RBI Governors And The IAS: A Long History

December 17, 2018

My debut piece with Bloomberg Quint. I look at this long history of IAS officers at helm of RBI. Of the 25 Governors in RBI’s history, 12 have been IAS officers including the recent appointee.

Some more trivia not there in the article:

  • IAS have occupied 60% of total days of RBI Governorship since 1935.
  • The average tenure of IAS officer is 4.5 years almost double that of other professions which stands at 2.6 years.
  • Within other professions, number of economists who have been Governors is 7. Their average tenure is 3.3 years. If we exclude Mr BN Adarkar who was the first economist at the helm but had a tenure of just 42 days, the average tenure improves to 3.9 years.
  • Post-1990 we have had 8 Governors, split equally between 4 economists and 4 IAS. The average tenure of IAS and Economist is also split at 4 years.



Post-Demonetisation patterns of deposits: a State-wise analysis

December 14, 2018

Nice bit of research by Tarun Kumar Saxena and Thoppil Bhargavan Sreejith of RBI.  It features in RBI’s monthly bulletin of Dec 2018.

The paper says deposits rose during demonetisation in most states and now people prefer savings deposits compared to term deposits. In terms of cash usage, only two states – Sikkim and Telangana – show a decline in its usage:

Shifts in ownership and tenor of deposits provide valuable insights into payment habits, saving propensities and liquidity preferences. This article has the vantage position of studying these patterns under the impact of a shock – in this case, demonetisation – and its backwash. This event appears to have produced a permanent shift in deposit behaviour with households’ preference shifting to savings deposits and away from term deposits. This suggests a premium on liquidity induced by the shock, partly incentivised by lower rates of returns on term deposits and alternative avenues of saving which combine the benefits of liquidity and returns. While the withdrawal of SBNs caused a shift in payment habits away from cash, this has proven to be short-lived and mean reversion became evident in 2017-18 itself. Only two states show a break from the central tendency, with a decline in cash dependency.

The results presented in this article draw from a census. They point to the fact that deposit and payment habits are inflexible across most states/ UTs in India and tend to return to steady state, even after large shocks. This has implications for banks’ deposit mobilisation strategies and business models.

Lots of tables and colorful graphs. One is noting RBI’s research bulletins is beginning to feature interesting research pieces. Keep up the tempo!

History of Bangladesh Currency (Taka) is really interesting and worth researching…

December 13, 2018

Came across this article on an exhibition on Bangladesh history organised by the Bangladesh Deputy High Commission, Karachi.

The section comprising banknotes was also well-appreciated; Bangladesh Bank over the years has been changing the design of the banknotes in different denominations. Taka one first issued in 1973 had a typical Bengali woman pounding rice on one side of the note. Commemorative notes of 100 years of Bangladesh National Museum 1913-2013 were also displayed.

This got me thinking. After all, Bangladesh as East Pakistan shared its currency with West Pakistan. There were two branches of State Bank of Pakistan as mentioned in history of Bangladesh central bank:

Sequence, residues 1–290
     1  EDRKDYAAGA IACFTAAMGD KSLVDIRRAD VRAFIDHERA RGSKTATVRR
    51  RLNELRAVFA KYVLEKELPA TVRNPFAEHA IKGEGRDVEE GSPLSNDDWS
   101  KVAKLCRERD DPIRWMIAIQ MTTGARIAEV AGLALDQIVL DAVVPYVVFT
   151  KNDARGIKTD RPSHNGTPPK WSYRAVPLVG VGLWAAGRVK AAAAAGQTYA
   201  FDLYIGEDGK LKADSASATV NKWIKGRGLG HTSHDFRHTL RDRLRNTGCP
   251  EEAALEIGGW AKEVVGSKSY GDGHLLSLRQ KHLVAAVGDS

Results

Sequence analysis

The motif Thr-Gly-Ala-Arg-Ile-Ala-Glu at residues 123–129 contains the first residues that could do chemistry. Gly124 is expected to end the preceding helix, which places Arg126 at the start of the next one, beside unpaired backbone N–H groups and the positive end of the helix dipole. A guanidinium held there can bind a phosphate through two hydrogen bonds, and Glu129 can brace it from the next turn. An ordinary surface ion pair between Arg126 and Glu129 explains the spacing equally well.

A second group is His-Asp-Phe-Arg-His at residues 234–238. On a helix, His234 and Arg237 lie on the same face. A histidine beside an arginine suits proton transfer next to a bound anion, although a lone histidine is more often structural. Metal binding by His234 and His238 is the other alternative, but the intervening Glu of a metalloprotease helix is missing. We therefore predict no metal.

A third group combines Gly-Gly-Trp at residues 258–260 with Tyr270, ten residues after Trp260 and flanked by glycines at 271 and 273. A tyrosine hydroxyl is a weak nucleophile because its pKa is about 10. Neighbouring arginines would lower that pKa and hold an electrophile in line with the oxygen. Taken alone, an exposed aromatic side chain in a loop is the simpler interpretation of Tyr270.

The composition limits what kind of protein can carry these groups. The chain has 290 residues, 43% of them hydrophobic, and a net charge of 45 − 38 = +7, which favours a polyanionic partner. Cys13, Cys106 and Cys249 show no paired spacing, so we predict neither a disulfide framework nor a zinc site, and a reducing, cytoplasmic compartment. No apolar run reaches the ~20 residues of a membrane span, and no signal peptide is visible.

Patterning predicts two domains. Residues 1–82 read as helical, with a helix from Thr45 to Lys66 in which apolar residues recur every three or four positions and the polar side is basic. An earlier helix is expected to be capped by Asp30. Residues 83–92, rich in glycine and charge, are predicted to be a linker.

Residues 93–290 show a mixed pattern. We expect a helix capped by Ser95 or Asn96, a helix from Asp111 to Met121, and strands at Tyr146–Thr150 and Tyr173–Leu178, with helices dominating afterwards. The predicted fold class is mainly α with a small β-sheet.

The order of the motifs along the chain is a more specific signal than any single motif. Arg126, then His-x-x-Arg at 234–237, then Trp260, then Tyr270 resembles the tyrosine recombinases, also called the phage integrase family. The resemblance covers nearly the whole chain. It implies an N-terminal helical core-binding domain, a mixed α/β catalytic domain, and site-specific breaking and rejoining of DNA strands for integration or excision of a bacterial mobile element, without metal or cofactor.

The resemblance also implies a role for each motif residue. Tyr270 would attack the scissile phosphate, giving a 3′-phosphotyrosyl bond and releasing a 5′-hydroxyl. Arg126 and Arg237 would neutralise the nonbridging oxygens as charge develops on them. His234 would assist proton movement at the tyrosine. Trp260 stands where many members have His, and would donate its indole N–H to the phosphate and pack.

The role of transaction costs in Douglass North’s understanding of economic history

December 13, 2018

Nice paper by Rosolino Candela of George Mason University:

The purpose of this chapter is an attempt to reconstruct the evolution of North’s approach to understanding economic history. Underlying this evolution has been an increasing recognition of the role that transaction costs play in explaining the economic performance of different societies through time. I argue that, as a by-product of North’s emphasis on transaction costs throughout his scholarship, he transitioned from a neoclassical to an Austrian understanding of the process of economic change.

The implications of North’s growing emphasis on transactions costs throughout his career was a growing importance of other complementary features of economic theory, shared by Austrians, to explain processes of institutional change throughout economic history. These features of Austrian economic theory include: methodological subjectivism; competition and discovery under uncertainty; a dynamic conception of learning through time; and the role of ideology in structuring the patterns of meaning and purpose attached to human action.


We should have institutionalised RBI autonomy (with accountability) and not its frictions with government

December 13, 2018

My new piece in moneycontrol..

Slovak central bank Governor resigns early and its finance minister expresses interest in the job…

December 12, 2018

As Urjit Patel resigned on 10 Dec 2018, another central banker gave up the job a fortnight ago on 27 Nov 2018.

This was Jozef Makúch, the Governor of Slovakia Central Bank. He took the decision in the Board meeting (ironically):

The Bank Board of Národná banka Slovenska today (27 November) held its 22nd meeting of 2018, chaired by Jozef Makúch, the NBS Governor.

In accordance with Article 7(8)(b) of Act No 566/1992 Coll. on Národná banka Slovenska (the NBS Act), as amended, Mr Makúch submitted to the Bank Board his notification of resignation from the position of Governor of Národná banka Slovenska with effect from the end of 1 March 2019 or, if later than that date, the end of the day before the effective date of the appointment of the next Governor of Národná banka Slovenska, until which date he will continue to hold the position and perform the duties of NBS Governor pursuant to the NBS Act.

Like Urjit, Makuch was slated to retire later in March 2021.

Apparently as Makuch chose to retire, finance minister Kazimir expressed interest in running the central bank:

 Finance Minister Peter Kazimir said on Tuesday he would run for the post of Central Bank governor to replace Jozef Makuch, who announced his early departure on Tuesday.